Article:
• There were ~25 people in attendance
    • Most appeared under 30
    • Only 2 were female
    • I was the only one in a suit (maybe I was the only one who’d gone straight from work?)
    • I asked and ~5/6 had heard of or were aware of SAP

Ultimately, it felt very different to a room full of SAP consultants.  Not better, not worse – just different.  I’m still positive this can only be a good thing for me.

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8 Comments

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    1. Gareth Ryan Post author

      Thanks Tammy,

      I’m sure I saw a quote on twitter or t’internet somewhere recently that basically said something about everything will eventually be coded in JavaScript.  Certainly seems to be heading that way.

      G.

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  1. Susan Keohan

    Wow, Gareth, I am so impressed.  I don’t know if I could step outside my comfort zone in such a way, and I really applaud you for taking this all important first step.

    What on earth possessed you to be wearing a suit?  Don’t you keep gym attire in a backpack?

    What did people think of what you do for a living?  The 5/6 who had heard of SAP?

    What are your next steps?  Would you like to do a little Workflow demo for them? *heh heh heh, just kidding.

    Keep it up!
    Sue

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    1. Gareth Ryan Post author

      Thanks Sue.

      To give some perspective, all I did was turn up to a room of fellow geeks.  The challenge I guess was the fear that there’d be nothing in common or no understanding to share.  As it turns out, that is definitely not the case.  Like most things, the first step was the hardest.

      As for having gym attire, that would require me to go to the gym 😉

      My evil plans (muh ha hah ha) are to do an overview of OpenUI5 at some point in the near future – I need to get my head around it enough first though 😉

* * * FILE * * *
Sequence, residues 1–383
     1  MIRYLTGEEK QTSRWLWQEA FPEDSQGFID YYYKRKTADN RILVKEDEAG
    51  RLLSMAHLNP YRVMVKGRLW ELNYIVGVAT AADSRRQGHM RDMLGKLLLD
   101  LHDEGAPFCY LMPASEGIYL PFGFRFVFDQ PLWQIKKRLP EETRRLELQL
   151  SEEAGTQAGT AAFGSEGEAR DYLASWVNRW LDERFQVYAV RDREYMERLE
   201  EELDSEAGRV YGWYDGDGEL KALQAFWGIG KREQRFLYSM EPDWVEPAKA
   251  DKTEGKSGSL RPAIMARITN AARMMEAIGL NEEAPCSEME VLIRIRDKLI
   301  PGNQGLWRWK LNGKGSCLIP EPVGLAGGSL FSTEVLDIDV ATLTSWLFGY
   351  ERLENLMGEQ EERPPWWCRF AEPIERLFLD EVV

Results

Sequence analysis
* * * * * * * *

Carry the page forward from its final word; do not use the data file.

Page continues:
G.

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  2. John Studdert

    Well-written blog post with a great perspective. Since my background is actually originally as a developer completely outside of the SAP world, I’ve always been struck by how insular the SAP world can seem in some ways.

    Thankfully that’s changing rapidly now, and from posts like the above it looks like this change is being driven on the ground as well as by SAP’s recent more “open” approach (open-sourcing SAPUI, the open.sap courses, even a free [if basic] tier to the Learning Hub etc.). Kudos!

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    1. Gareth Ryan Post author

      Thanks John.

      I totally agree about the insular world – I guess this is exactly why DJ created his first post and why I was finally inspired enough to try and personally do something about it.

      G.

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  3. Paul Bakker

    I like it. A few years ago I went to a ‘mixed gathering’ like you described above. As soon as the other developers (mostly Java) found out that I worked with SAP, I was fielding questions all evening. Sometimes about the ABAP language, but mostly asking how to break into the SAP world!

    From their questions I got the impression that they see us as a bunch of German-speaking ubergeeks who drive Porsches and wear clothes made out of gold. Slight exaggeration – but a lot of them did slyly ask about the dollars.

    Unfortunately for the image, I drive an old Toyota.

    You sometimes forget, when you work completely inside the SAP bubble, how much interest there is from the outside. We should engage more.

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    1. Gareth Ryan Post author

      Hi Paul,

      Thanks for your thoughts.  The impression of “us” from outside the bubble is a tough one.  Possibly me turning up suited and booted to a room full of hipsters didn’t help… 🙂

      “We should engage more” – could not agree more!

      Cheers,

      G.